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  • RsrII


    Product Source

    An E. coli strain that carries the RsrII gene from Rhodopseudomonas sphaeroides (S. Kaplan).

    Reagents Supplied

    The following reagents are supplied with this product:

    Store at (°C)Concentration
    CutSmart® Buffer-2010X

    Properties and Usage

    Unit Definition

    One unit is defined as the amount of enzyme required to digest 1 µg of λ DNA in 1 hour at 37°C in a total reaction volume of 50 µl.

    Reaction Conditions

    1X CutSmart® Buffer
    Incubate at 37°C

    1X CutSmart® Buffer:
    50 mM Potassium Acetate
    20 mM Tris-acetate
    10 mM Magnesium Acetate
    100 μg/ml BSA
    pH 7.9 @ 25°C

    Activity in NEBuffers

    NEBuffer 1.1: 25%
    NEBuffer 2.1: 75%
    NEBuffer 3.1: 10%
    CutSmart® Buffer: 100%

    Diluent Compatibility

    Storage Temperature


    Storage Conditions

    10 mM Tris-HCl
    250 mM NaCl
    1 mM DTT
    0.1 mM EDTA
    200 μg/ml BSA
    50% Glycerol
    0.15% Triton® X-100
    pH 7.4 @ 25°C

    Heat Inactivation

    65°C for 20 min

    Methylation Sensitivity

    dam methylation: Not Sensitive
    dcm methylation: Not Sensitive
    CpG Methylation: Blocked


    1. RsrII requires two copies of its recognition sequence for efficient cleavage to occur. If a DNA molecule (plasmid or linear) has only one copy of this recognition site, RsrII cannot digest it to completion. These two copies of recognition sites should ideally be on the same molecule to achieve 100% cleavage, however, two different molecules can be used with slightly less efficiency. For more information and recommendations on working with enzymes requiring multi-sites such as RsrII, please visit Restriction Enzyme Cleavage: ‘single-site’ enzymes and ‘multi-site’ enzymes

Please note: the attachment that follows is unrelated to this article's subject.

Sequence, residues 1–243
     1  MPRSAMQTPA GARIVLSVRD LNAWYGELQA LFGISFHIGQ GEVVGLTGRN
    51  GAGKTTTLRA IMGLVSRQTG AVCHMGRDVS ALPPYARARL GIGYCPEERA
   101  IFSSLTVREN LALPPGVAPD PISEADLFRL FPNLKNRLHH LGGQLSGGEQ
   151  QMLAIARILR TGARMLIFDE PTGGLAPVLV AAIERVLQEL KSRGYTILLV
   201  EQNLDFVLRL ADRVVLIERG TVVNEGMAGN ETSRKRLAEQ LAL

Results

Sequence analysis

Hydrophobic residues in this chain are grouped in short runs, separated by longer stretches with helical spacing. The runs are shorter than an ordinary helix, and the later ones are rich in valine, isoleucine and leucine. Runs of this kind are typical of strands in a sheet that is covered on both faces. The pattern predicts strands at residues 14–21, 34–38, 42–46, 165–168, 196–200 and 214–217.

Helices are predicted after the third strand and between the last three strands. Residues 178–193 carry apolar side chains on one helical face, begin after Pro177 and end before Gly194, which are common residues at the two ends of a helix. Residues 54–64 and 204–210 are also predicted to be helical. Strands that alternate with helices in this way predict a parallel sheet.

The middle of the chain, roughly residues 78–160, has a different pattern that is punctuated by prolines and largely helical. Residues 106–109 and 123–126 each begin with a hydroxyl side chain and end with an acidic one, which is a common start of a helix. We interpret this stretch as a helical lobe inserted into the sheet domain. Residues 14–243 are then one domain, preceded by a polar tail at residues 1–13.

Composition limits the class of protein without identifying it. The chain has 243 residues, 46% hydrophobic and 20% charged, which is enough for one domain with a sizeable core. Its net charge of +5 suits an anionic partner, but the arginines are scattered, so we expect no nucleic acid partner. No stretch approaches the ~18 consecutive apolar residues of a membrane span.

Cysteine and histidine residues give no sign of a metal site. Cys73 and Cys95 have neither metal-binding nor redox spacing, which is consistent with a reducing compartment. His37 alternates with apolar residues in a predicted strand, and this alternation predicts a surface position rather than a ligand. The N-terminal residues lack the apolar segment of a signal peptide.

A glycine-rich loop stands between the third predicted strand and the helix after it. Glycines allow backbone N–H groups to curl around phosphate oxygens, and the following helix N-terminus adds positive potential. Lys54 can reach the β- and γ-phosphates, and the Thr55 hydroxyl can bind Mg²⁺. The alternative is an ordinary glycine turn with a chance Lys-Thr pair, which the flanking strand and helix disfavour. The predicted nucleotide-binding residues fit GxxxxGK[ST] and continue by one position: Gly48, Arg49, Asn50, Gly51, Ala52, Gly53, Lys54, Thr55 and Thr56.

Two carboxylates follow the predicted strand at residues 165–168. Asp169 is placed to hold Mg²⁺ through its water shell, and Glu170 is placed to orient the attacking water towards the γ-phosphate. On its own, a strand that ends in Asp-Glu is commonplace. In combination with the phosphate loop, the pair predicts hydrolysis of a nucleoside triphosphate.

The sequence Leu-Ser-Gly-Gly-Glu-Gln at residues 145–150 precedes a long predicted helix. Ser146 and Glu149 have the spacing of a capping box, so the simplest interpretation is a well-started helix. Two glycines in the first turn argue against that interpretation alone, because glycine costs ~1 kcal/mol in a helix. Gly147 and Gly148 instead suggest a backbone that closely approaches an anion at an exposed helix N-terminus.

1. Do degenerate recognition sites need to be palindromic?
    2. What effect does BSA have on the performance of NEB’s restriction enzymes when included in the new buffers?
    3. How can I access the old NEBuffer Activity Chart?
    4. I tested your restriction enzyme on the substrate DNA recommended by NEB, and it appears to be active, however it does not digest my DNA. What could be the reason?
    5. Why do I see a DNA smear on an agarose gel after a restriction digest?
    6. Why do I see additional DNA bands on my gel after a restriction digest?
    7. Why is my Restriction Enzyme not cutting DNA?
    8. How many nucleotides do I have to add adjacent to the RE recognition site in order to get efficient cutting?

    Tech Tips

    This enzyme may lose activity over time. The presence of DTT is important to retain good activity.
    If the activity is low, spike with DTT: 1 ul of 1M DTT to a 50 ul is ample.


    1. Optimizing Restriction Endonuclease Reactions
    2. Double Digest Protocol with Standard Restriction Enzymes

    Selection Charts

    Usage Guidelines & Tips

    Troubleshooting Guides

    Interactive Tools

    Certificate of Analysis

    The Certificate of Analysis (COA) is a signed document that includes the storage temperature, expiration date and quality control's for an individual lot. The following file naming structure is used to name these document files: [Product Number]_[Size]_[Version]_[Lot Number]


    The Specification sheet is a document that includes the storage temperature, shelf life and the specifications designated for the product. The following file naming structure is used to name these document files: [Product Number]_[Size]_[Version]

    Safety Data Sheet

    The following is a list of Safety Data Sheet (SDS) that apply to this product to help you use it safely.